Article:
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Sunday, May 26, 2024
NOTL vineyards survive bitter frost
This peach bloom, as seen on the morning of April 25, looks healthy despite frost that morning. NOTL stone fruit producers believe the cold weather wasn't severe enough to cause serious damage.

NOTL vineyards dodged extensive damage from the dangerous intersection of early bud break and April frost.

T.S. Eliot wrote “April is the cruellest month,” and farmers often feel its sting. April ushers in the promise of new growth, and the threat of killing frost.

Vineyards in NOTL are ahead of schedule because of some warm days in April, which making them vulnerable to a spring frost, which descended with a vengeance last week.

For two nights, temperatures dropped low enough to flirt with disaster, as the tender buds had just started to push open.

“They were really cold nights,” said Matthias Oppenlaender, a local grape grower, and chair of the Grape Growers of Ontario, adding, “it was a little scary that night.”

Not only was it very cold for two nights, but the cold lasted for an extended period of time.

“Often it’s at its worst between 3:30 and 5:30 a.m., but in some cases the wind machines had to start up at 9:30 in the evening,” said Oppenlaender. “Those were two long nights.”

“On Thursday night, it just sounded like the apocalypse. Every single windmill was running at full blast,” said Bill Redelmeier, proprietor of Southbrook Vineyards.

It was loud, but Redelemeier said he was happy to hear the fans because it meant growers were doing what they needed to.

“We escaped the worst of it, there may be some sporadic damage here and there, but nothing to really worry about,” said Oppenlaender. “Without the wind machines the damage would have been extensive.Thank god for the wind machines, the technology really helps us.”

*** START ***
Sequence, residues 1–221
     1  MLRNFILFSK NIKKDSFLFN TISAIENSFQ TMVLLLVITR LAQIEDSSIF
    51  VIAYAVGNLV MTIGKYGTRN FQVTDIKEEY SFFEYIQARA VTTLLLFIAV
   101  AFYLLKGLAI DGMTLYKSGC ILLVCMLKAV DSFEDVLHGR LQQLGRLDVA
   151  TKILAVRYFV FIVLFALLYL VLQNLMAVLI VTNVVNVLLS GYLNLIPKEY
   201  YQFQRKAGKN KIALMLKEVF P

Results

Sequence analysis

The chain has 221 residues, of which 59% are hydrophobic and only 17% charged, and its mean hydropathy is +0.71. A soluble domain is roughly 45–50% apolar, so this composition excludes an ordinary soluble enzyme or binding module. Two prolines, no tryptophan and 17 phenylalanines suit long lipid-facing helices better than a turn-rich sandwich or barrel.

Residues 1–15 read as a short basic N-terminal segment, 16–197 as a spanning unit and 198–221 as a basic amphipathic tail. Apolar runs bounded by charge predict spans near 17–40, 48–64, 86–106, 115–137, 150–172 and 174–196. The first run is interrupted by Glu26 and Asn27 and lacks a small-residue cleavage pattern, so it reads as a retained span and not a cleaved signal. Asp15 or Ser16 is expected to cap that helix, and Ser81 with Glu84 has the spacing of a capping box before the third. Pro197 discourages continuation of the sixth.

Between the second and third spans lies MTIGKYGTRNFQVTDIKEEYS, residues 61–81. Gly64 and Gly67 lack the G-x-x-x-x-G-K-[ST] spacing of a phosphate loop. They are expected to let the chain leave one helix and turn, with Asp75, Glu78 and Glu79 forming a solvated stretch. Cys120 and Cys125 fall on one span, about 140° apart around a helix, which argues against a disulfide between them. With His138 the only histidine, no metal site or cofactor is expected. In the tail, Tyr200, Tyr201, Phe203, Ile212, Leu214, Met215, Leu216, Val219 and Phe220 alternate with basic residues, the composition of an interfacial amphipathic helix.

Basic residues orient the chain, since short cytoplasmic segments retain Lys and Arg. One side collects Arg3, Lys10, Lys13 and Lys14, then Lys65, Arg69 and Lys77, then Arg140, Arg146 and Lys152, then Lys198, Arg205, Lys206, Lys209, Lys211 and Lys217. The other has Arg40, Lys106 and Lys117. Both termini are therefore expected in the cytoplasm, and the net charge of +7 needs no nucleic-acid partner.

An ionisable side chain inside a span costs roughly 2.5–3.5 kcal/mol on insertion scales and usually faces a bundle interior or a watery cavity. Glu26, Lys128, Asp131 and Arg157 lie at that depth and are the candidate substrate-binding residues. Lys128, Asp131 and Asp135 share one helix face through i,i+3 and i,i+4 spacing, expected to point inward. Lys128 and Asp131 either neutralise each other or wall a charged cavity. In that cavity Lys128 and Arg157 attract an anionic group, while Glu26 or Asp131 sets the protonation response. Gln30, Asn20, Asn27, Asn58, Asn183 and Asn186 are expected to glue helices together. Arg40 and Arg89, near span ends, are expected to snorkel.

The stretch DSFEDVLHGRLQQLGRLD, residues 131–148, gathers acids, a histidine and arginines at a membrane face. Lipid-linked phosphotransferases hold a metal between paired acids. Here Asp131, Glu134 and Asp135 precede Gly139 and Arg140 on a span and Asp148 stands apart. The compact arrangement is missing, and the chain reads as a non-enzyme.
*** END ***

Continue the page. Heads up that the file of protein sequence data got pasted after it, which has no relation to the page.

The fans are expensive to buy, and to run. “They cost close to $75,000, and when we run them, they cost $500 each per night,” said Redelmeier. “It was a very expensive night, but better than the alternative,” explained Oppenlaender.

Early bud break is a double-edged sword. On the one hand, it increases the risk of frost damage, and on the other, it’s a good headstart to the season.

“If we get by without frost damage, the early start is beneficial, it gives us a longer growing season and more time for the grapes to ripen,” said Oppenlaender.

Redelmeier is at least cautiously optimistic about the next few weeks, in part because of the biodynamic calendar he follows: “Traditionally here, the last frost is on the second full moon of spring, which was last week.”

The date for that full moon was April 23, which is earlier than most years. It can be as late as May 24, depending on the year.

“We’ve had the date of the second full moon of spring for this year written on a whiteboard since before Christmas, so we were expecting a frost this past week. And that’s what happened. So in theory, hopefully we’ll be just about finished, and we’ll be okay,” said Redelmeier.

As the tiny leaves on the vines continue to unfurl and grow into May, transforming the vineyards from their winter grey to vibrant green, it’s a waiting game on the weather.

“It could still get cold,” said Oppenlaender, adding “these extreme weather events seem to be occurring all the time now.”

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